As with all dystopian settings, mankind has undergone some incredibly painful changes in his life and now we live in a world that closely resembles utopia. People are living in peace, no more wars, no more fighting, no more emotions like love, nothing that makes a person “better” than another, or even that much different than each other. Everything unique about a person has been stripped away through conditioning, and the liberal use of “medication” to stem the human spirit from budding forth into its own. Everyone is given a purpose, or job for their life based upon the innate qualities they possess. Some people become caregivers, others pilots and engineers, and others become farmers. Now it is time for Jonas (Brendan Thwaites) to be awarded his position in society. While he’s not sure what to expect in life, he never expected what happens next. He is awarded the unique position of standing guard over all the memories of the past. You see, no one knows what happened before this perfect society of stepford wives came in to being. The top brass realized that knowledge is power and that if mankind NEW about love, emotion, freedom, etc they would gravitate towards it, but with all the negative choices mankind had made they decided to erase all of it. The good with the bad. Now they can only go so far in this emotionally and spiritually castrated state of being, and they need some guidance from someone who knows all of these forbidden fruits. That is where the keeper of memories comes in. This man/woman is given responsibility for all of the knowledge of the old world, memories transferred from one generation to the next, books, art, the whole gambit. Now this person’s gift is also his curse. He has to bear the pain of knowing all these things and giving guidance to the leaders and never being able to be a part of life, just remembering it and knowing the rest of humanity inside the walls of this utopia is destined for a life of forced tranquility.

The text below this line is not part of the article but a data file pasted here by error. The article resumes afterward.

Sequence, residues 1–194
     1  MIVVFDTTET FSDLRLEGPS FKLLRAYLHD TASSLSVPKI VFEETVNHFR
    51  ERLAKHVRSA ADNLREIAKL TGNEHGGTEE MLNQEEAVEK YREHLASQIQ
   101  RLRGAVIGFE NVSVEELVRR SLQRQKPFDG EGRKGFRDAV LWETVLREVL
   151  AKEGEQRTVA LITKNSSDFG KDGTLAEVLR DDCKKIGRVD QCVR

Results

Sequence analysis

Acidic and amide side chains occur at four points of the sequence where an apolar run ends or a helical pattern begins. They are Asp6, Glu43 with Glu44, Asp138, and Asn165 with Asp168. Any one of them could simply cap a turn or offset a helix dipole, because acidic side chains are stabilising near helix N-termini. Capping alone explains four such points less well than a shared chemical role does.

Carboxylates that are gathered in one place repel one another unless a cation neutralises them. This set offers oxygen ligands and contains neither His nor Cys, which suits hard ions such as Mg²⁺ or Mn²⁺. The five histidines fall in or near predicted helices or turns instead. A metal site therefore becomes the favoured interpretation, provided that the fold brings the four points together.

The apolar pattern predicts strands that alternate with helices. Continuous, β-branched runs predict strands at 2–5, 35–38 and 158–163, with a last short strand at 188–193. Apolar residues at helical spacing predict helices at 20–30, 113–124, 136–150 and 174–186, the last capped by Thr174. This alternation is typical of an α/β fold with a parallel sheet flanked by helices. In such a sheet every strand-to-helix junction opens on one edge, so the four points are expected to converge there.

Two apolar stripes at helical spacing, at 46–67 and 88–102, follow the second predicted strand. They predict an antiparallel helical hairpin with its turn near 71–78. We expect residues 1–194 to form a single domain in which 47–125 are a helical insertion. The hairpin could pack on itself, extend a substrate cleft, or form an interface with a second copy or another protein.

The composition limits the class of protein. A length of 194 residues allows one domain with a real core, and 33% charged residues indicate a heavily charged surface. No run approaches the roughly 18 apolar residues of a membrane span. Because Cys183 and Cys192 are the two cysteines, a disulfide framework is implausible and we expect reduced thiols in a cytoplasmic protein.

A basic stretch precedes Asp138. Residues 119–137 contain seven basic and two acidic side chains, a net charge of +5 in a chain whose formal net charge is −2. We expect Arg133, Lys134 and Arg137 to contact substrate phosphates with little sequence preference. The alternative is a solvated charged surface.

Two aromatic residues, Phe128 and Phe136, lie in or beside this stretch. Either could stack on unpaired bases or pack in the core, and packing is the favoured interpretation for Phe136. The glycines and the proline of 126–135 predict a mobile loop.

Newly appointed as the next keeper of memories, Jonas must take guidance and training from the old keeper of memories (played by Jeff Bridges) who must give all of his knowledge and wisdom to over the course of several years. Once Jonas has all of this new found knowledge, he becomes disillusioned with the life they are living. He sees things that he didn’t before, he misses his medication and becomes cognizant of all the beautiful things in life they have given up, just so that people can live in safety and peace. A life that really isn’t a life at all, but one that has been repurposed and guided by unseen hands seeking to do just what they tried to fix. To control and subjugate under the guise of helping hands. Jonas’ friends, Asher (Cameron Monaghan) and Fiona (Odeya Rush) don’t understand the changes he’s going through, and even the Chief Elder (Meryl Streep) starts to see cracks in his demeanor. When all is said and done we realize that this choosing of Jonas, this desire to break free from captivity had been set in motion many years before, and one outcome had already been chosen…..by the Giver.